|Publication number||US4601423 A|
|Application number||US 06/533,262|
|Publication date||Jul 22, 1986|
|Filing date||Sep 16, 1983|
|Priority date||Sep 16, 1982|
|Also published as||DE3365680D1, EP0104063A2, EP0104063A3, EP0104063B1|
|Publication number||06533262, 533262, US 4601423 A, US 4601423A, US-A-4601423, US4601423 A, US4601423A|
|Inventors||Noel J. Pipkin, Trevor P. Elworthy|
|Original Assignee||Pipkin Noel J, Elworthy Trevor P|
|Export Citation||BiBTeX, EndNote, RefMan|
|Patent Citations (12), Non-Patent Citations (4), Referenced by (27), Classifications (20), Legal Events (4)|
|External Links: USPTO, USPTO Assignment, Espacenet|
This invention relates to abrasive bodies.
Cubic boron nitride (CBN) compacts are well known in the art and consist of a polycrystalline mass of CBN particles bonded into a hard conglomerate. The CBN content of compacts is at least 70 percent by volume and generally between 80 to 90 percent by volume.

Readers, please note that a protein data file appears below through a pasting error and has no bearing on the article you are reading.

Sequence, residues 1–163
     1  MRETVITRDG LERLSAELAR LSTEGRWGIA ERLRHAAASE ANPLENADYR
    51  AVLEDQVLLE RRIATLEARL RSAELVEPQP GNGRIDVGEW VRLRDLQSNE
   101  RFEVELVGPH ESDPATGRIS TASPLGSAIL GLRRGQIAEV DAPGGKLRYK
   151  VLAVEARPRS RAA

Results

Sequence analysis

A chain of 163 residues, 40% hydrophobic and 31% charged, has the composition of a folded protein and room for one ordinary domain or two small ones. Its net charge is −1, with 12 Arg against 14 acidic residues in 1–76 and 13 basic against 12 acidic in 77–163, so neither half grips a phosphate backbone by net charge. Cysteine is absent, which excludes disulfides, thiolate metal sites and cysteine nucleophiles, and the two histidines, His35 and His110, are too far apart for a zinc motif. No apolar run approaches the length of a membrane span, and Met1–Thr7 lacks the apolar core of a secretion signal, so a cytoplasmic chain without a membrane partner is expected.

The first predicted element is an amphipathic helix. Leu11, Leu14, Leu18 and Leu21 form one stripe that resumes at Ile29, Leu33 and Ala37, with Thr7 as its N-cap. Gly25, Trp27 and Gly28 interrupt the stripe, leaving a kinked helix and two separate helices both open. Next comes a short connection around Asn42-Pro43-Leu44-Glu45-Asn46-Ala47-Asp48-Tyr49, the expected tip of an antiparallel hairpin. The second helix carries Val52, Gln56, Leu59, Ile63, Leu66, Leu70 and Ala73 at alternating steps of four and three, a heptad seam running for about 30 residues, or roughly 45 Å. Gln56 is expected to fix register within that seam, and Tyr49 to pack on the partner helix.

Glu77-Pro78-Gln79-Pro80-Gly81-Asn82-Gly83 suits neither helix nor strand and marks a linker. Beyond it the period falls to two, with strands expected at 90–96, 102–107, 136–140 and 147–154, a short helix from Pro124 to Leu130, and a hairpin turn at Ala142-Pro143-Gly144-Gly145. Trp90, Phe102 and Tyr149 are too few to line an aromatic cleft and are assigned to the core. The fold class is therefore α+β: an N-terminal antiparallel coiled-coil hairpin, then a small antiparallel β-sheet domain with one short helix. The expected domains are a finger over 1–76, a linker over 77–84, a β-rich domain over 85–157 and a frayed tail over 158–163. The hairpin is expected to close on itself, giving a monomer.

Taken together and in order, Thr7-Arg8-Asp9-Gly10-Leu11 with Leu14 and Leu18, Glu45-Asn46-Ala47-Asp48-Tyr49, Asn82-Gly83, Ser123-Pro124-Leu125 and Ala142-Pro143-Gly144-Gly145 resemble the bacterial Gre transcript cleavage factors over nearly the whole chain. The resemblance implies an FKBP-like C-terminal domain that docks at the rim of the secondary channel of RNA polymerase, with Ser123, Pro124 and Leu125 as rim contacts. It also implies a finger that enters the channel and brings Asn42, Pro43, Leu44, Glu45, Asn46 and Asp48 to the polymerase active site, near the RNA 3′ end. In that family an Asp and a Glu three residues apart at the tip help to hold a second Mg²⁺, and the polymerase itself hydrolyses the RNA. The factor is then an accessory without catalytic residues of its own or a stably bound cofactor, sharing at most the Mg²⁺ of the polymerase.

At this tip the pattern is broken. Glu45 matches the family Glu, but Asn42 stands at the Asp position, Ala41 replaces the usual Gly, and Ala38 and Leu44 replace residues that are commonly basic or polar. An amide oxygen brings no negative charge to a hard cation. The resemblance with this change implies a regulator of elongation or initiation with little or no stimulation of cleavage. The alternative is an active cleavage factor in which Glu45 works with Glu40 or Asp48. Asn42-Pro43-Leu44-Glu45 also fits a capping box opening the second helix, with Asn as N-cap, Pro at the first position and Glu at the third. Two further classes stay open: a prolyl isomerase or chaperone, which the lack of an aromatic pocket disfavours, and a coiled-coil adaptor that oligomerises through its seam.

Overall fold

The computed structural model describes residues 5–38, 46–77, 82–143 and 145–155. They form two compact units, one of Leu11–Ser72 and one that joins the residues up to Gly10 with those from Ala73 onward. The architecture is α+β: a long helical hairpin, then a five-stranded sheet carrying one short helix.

CBN compacts may be self-bonded without the aid of a bonding matrix or second phase. Alternatively, such compacts may be produced where there is a suitable bonding matrix or second phase. When a second phase or bonding matrix is present, it will generally contain a catalyst (also known as a solvent or sintering aid material) for cubic boron nitride growth. Examples of suitable catalysts are aluminium or an alloy of aluminium, nickel, cobalt, iron, manganese or chromium.
The presence of a catalyst for CBN is desirable because then under the conditions necessary for the manufacture of a CBN compact some intergrowth between the particles is likely to occur. As is known in the art, CBN compacts are manufactured under conditions of temperature and pressure at which the abrasive particle is crystallographically stable.
CBN compacts can be used in a variety of abrading applications such as cutting, grinding, drilling, turning and the like. For such applications, they may be bonded to a suitable tool or shank. Alternatively, they may be bonded to a cemented carbide backing or support which is then bonded to the tool or shank.